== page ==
Understanding Azure Reserved Instances

If you are consuming cloud resources you're probably facing some challenges such as cost management, optimization and confidence on how spending is happening. Have you ever faced any surprising cost at the end of the month?

Perhaps someone forgot to delete a 24 Core, 56 GB of RAM high performance VM?

Azure has made available Reserved Instances, its fundamental principle is to save money over a period of time by paying upfront. You can pay 1 or 3 years in advance. The savings go from 40% to 70% depending on the size of the VM selected.

There are two types of subscription to make use of Reserved Instances:

  • The production type available as part of the Enterprise Agreement

  • The Pay as you Go

  • Make One Single up-front payment

  • Select 1 or 3 year terms

  • Reserve Virtual Machines in advance

  • Save around 70% over on-demand pricing

  • If the VM(s) run Windows Server you can save around 80% with hybrid use benefit

  • Have flexibility to modify

  • Have a simple purchase experience

  • Assign at the Enrolment level or subscription level

A practical Example

Let's say you need a horsepower VM: 4 CPUs plus 28 GB of RAM running 24x7 on Windows, let's see how much it costs:

[caption id="" align="aligncenter" width="566"]

A D12 V2 VM running Windows Server 2016*. This prices will vary according to your licensing.[/caption]

How to Purchase


In the Azure portal do: Create a Resource - Type Reserved Instances and Select Create

Then let's just fill the blanks. This first example is for 1 Year

1 Year

$3,124 Australian Dollars (AUD)$2,207.75 USD

3 Years

$6,173 Australian Dollars (AUD) equivalent to $4,361.35 USD

Things to understand:

  • Name: VM Name

  • Subscription: Where will this instances be assigned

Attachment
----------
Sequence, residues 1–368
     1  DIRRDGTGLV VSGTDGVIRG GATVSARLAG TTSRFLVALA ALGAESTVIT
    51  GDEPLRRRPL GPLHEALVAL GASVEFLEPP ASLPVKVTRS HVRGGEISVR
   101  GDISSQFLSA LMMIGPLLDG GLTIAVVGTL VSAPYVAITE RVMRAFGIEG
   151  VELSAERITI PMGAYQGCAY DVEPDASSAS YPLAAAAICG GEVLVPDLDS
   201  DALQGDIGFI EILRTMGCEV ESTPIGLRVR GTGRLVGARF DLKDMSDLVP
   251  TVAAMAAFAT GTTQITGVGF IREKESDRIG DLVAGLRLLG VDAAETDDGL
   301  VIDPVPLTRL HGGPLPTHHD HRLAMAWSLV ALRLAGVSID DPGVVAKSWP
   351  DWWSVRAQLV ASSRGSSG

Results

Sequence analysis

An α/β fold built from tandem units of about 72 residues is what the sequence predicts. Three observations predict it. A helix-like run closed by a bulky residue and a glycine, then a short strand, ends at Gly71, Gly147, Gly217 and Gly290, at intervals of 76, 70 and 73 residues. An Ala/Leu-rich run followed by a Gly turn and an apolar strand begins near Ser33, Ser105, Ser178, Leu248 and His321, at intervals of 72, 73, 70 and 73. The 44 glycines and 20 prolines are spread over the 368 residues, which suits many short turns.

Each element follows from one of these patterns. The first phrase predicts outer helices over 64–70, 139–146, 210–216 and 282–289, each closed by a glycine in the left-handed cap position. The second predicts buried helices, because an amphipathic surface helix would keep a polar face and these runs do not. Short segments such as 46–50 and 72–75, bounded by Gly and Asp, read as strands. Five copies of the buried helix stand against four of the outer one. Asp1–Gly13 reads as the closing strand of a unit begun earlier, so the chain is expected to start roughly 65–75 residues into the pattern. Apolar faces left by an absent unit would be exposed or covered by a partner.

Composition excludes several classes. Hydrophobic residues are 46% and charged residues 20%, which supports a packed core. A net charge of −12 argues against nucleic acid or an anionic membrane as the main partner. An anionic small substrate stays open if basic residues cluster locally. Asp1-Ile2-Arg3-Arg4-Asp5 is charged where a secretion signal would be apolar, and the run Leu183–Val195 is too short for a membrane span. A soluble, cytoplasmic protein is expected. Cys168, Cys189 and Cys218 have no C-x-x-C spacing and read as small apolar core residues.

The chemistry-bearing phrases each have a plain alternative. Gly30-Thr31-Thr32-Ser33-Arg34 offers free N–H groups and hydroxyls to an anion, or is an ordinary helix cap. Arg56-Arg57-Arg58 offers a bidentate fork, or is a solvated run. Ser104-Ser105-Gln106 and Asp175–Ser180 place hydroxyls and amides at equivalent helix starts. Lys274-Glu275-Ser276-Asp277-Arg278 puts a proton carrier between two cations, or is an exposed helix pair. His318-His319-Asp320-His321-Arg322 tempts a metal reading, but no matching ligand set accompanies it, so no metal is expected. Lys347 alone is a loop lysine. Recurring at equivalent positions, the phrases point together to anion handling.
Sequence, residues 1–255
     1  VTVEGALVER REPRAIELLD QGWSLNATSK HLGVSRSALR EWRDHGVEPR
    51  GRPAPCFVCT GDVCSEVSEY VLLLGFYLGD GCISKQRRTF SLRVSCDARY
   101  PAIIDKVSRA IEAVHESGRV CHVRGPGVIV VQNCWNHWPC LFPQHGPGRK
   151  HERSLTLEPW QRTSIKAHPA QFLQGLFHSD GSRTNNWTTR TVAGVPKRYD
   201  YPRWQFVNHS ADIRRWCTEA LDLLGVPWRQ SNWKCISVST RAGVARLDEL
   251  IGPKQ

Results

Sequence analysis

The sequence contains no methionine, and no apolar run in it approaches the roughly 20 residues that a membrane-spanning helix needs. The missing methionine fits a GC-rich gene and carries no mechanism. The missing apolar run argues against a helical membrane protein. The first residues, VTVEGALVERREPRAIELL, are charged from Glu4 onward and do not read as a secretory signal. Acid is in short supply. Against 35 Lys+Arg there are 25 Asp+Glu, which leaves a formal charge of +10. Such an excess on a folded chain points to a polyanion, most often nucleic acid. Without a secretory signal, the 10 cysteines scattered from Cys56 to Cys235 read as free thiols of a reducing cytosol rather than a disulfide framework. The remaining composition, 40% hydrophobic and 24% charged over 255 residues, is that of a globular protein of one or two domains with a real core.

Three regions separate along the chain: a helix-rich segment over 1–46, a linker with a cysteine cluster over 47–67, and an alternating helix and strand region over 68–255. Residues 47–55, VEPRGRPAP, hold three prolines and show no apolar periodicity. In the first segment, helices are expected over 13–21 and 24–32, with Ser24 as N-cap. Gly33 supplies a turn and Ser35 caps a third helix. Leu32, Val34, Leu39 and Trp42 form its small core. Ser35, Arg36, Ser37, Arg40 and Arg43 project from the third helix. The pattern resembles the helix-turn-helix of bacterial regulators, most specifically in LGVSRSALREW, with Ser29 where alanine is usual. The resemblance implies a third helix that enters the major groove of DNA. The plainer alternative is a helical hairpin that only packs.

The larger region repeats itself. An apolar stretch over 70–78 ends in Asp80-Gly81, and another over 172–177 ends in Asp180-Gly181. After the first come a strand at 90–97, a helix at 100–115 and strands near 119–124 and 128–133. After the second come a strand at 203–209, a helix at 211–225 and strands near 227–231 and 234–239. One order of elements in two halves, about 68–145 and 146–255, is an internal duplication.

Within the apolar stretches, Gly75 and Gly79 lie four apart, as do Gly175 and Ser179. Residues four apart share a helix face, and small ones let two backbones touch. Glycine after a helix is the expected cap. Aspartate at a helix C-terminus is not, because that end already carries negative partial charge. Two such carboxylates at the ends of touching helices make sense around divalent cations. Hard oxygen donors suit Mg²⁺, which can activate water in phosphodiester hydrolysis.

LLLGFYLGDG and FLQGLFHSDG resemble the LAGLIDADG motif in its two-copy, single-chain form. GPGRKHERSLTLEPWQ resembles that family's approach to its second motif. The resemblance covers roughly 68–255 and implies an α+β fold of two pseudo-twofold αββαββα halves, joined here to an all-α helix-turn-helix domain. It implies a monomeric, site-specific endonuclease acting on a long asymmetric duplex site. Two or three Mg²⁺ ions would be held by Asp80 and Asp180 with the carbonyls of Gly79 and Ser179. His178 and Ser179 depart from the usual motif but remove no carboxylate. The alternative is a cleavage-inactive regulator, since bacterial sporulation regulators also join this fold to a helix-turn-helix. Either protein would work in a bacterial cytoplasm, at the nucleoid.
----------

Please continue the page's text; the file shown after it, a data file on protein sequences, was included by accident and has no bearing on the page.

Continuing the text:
• Scope: Will this instance be shared among multiple subscriptions? In an Enterprise Agreement (EA) it's quite common to have multiple subscriptions

  • Region: In which of the Azure datacenters this instance will exist

  • Optimize For:

    • Instance size flexibility will apply the reservation discount to other VMs in the same VM size group

    • Capacity priority reserves data center capacity for your deployments, offering additional confidence in your ability to launch the VM instances when you need them

You will have a view of the cost of the reservation before executing it. Then all you have to do is select Purchase and that's it.

The reservation term will begin as soon as payment is processed.

Once you've done it your next option is View this Reservation to see the status of your purchase.

  • If later on you decide to cancel or exchange at any time, you have the option to do it in the overview section of your reservation.

  • If you need to cancel there may be a 12% early termination fee, the refund you'd receive is the remaining pro-rated balance minus the early termination fee.

  • If you need to do an exchange you can do it to change to another region, VM size group or term. It has to be something equal or greater value, then the new 1 or 3 year term starts from when you create the new reservation.

How it is applied?

Once you've bought it, the reservation discount will automatically apply to VMs that match the size and quantity.

  • You don’t have to change anything in your deployment

  • You don’t have to pick the OS either, just purchase the amount of instances you require.

The VM usage is separate from the RI (Reserved Instances) inventory, on the backend the Microsoft systems are doing the match-making to ensure the usage is matched automatically to the right reservation.

For VMs that may not run the full hour, the reservation will be filled from other VMs not using a reservation, including concurrently running VMs

The diagram below clarifies how the Reserved VM Instance is applied

[caption id="" align="aligncenter" width="1014"]

Screenshot of one applied reservation and two matching VM instances

Source: https://docs.microsoft.com/en-us/azure/billing/billing-understand-vm-reservation-charges[/caption]

To understand restrictions and clarify more you can visit the Azure Reserved VM Instances offering page, the FAQ at the end clarifies about restrictions in VM sizes.

If you want to see an example of how the usage is presented across different means like the CSV file in your billing and EA Portal you can check this documents:

Understand Azure reservation usage for your Pay-As-You-Go subscription

Understand Azure reservation usage for your Enterprise enrolment

And this tutorial explains with detail how you can manage your Reserved Instances through Azure Cost Management

Tutorial: Optimize reserved instances

Now, go and save some money!